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The Mediterranean diet is continuously touted by nutrition experts for its many health benefits and its ease of use. Research has shown that it not only is a heart healthy diet, but that it also reduces the risk of chronic diseases, like diabetes, and improves longevity.
Advocates of the Mediterranean diet – which has been named the best overall diet by U.S. News & World Report for five straight years – say it is more like a lifestyle. Besides selecting healthier food choices, they emphasize the enjoyment of eating with loved ones and staying physically active. For them, it’s all about a life of moderation, including alcohol consumption.
The Mediterranean diet emphasizes the consumption of vegetables, fruits, whole grains, beans, nuts, seeds and olive oil. It also recommends eating fish or seafood a few times each week, and keeping red meat to a minimum. It does not require calorie-counting.
In 2022, the Mediterranean diet also was named the best for healthy eating, the best for preventing diabetes and the best plant-based diet by U.S. News.
If your New Year’s resolutions include eating healthier, here is what you need to know about adopting this diet.
The benefits of a Mediterranean diet
Studies suggest the Mediterranean diet reduces the risk for diabetes, high cholesterol, memory loss, depression and breast cancer, and strengthens the heart and bones. But one of the most researched benefits of the Mediterranean diet is its reduction in heart disease risk.
In one study, researchers gave guidance on the Mediterranean diet to 7,000 people with type 2 diabetes or high risk of cardiovascular disease, but they did not tell them to restrict their calories. Those who supplemented their diets with olive oil or mixed nuts, as instructed, were 30% less likely to suffer a cardiovascular event during the five-year follow-up period compared to the control group.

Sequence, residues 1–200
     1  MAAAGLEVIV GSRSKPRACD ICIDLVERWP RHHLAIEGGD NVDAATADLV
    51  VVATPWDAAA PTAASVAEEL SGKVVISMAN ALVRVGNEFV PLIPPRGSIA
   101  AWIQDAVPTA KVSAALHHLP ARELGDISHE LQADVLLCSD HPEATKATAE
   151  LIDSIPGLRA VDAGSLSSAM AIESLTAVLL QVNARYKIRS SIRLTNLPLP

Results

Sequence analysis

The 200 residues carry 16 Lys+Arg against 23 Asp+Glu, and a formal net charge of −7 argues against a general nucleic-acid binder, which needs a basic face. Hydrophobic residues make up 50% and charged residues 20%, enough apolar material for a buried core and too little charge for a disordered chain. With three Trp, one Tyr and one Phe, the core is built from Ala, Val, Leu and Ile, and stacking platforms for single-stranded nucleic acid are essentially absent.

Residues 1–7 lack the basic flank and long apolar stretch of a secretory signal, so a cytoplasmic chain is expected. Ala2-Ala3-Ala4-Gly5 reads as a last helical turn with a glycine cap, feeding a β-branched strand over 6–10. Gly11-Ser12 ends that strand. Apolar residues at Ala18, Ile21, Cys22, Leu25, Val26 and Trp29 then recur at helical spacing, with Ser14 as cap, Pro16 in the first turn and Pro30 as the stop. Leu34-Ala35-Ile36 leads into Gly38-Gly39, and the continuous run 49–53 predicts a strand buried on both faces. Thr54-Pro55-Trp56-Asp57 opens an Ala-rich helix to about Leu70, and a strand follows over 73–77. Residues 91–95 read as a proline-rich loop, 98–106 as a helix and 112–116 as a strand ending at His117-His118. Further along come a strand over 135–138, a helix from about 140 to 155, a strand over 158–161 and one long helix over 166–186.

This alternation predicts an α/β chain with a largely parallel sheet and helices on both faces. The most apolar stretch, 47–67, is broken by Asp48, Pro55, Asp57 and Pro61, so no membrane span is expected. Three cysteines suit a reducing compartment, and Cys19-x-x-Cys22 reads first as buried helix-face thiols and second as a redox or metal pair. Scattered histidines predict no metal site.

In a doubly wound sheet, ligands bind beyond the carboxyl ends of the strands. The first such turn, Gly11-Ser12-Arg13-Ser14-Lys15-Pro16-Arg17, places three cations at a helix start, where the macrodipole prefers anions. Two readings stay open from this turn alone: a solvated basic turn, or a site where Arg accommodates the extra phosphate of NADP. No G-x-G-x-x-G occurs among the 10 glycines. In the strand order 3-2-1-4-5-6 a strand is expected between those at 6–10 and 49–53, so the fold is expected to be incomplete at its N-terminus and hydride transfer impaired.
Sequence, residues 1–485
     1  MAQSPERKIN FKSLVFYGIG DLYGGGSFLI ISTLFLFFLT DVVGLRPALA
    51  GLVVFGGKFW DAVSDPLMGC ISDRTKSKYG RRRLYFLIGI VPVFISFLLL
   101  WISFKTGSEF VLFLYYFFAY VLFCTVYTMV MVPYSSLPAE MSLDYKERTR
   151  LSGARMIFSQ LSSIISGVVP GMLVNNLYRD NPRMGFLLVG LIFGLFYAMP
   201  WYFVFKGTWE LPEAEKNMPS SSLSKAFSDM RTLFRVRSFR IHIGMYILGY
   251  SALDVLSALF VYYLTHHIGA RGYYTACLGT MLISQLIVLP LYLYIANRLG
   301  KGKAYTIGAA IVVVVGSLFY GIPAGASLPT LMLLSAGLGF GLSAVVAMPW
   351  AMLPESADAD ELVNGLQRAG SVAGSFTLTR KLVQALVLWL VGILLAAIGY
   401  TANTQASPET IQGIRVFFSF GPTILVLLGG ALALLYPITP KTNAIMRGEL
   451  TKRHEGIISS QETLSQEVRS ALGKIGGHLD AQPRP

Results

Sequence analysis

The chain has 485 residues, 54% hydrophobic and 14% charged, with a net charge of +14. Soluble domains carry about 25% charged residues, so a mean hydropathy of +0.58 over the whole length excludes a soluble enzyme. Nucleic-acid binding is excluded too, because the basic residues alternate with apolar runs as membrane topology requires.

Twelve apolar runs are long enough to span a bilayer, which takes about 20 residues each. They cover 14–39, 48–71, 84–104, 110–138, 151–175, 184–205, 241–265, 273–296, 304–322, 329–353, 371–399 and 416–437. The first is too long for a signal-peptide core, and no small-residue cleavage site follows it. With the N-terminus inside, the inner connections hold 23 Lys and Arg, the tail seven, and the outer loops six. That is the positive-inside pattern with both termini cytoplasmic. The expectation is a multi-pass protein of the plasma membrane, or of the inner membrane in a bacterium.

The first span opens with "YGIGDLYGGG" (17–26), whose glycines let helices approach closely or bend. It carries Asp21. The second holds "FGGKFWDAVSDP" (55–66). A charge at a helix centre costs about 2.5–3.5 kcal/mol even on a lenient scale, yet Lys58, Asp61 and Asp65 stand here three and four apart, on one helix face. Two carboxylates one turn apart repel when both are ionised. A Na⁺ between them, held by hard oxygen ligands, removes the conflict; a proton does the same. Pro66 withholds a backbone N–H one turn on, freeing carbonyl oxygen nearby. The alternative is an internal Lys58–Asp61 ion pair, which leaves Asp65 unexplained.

The Mediterranean diet also appears to improve cognition, and may reduce the risk of dementia, although more research is needed to confirm this. In one small study, people who fared poorly at following a Mediterranean style eating pattern had more more beta-amyloid deposits – protein plaques in the brain that are associated with Alzheimer’s disease – and lower energy use in the brain.
Another study, of 10,670 women ages 57-61, found that those who followed a Mediterranean diet were 46% more likely to age healthy – defined as living to age 70 without developing any chronic diseases or suffering major declines in mental or physical function.
Research also has shown that the Mediterranean diet improves blood sugar control more than other diets among people with type 2 diabetes.
Women who eat a Mediterranean-style diet during pregnancy are less likely to develop preeclampsia, research shows. A study by Johns Hopkins found their risk was cut by more than 20%. Black women, who have a higher risk of preeclampsia, had the biggest reductions in risk.